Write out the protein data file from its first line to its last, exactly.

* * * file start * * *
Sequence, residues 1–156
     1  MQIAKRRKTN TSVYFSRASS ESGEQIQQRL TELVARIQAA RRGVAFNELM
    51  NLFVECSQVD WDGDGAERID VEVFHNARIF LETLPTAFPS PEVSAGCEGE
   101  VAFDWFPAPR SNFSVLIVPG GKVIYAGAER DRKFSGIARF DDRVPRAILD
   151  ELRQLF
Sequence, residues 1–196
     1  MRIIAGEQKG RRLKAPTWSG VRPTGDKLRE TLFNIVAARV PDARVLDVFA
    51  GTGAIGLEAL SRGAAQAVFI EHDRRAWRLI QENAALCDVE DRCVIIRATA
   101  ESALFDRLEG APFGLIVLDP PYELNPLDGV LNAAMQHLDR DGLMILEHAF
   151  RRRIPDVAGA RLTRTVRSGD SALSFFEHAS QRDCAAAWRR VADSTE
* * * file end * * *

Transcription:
Sequence, residues 1–156
     1  MQIAKRRKTN TSVYFSRASS ESGEQIQQRL TELVARIQAA RRGVAFNELM
    51  NLFVECSQVD WDGDGAERID VEVFHNARIF LETLPTAFPS PEVSAGCEGE
   101  VAFDWFPAPR SNFSVLIVPG GKVIYAGAER DRKFSGIARF DDRVPRAILD
   151  ELRQLF
Sequence, residues 1–196
     1  MRIIAGEQKG RRLKAPTWSG VRPTGDKLRE TLFNIVAARV PDARVLDVFA
    51  GTGAIGLEAL SRGAAQAVFI EHDRRAWRLI QENAALCDVE DRCVIIRATA
   101  ESALFDRLEG APFGLIVLDP PYELNPLDGV LNAAMQHLDR DGLMILEHAF
   151  RRRIPDVAGA RLTRTVRSGD SALSFFEHAS QRDCAAAWRR VADSTE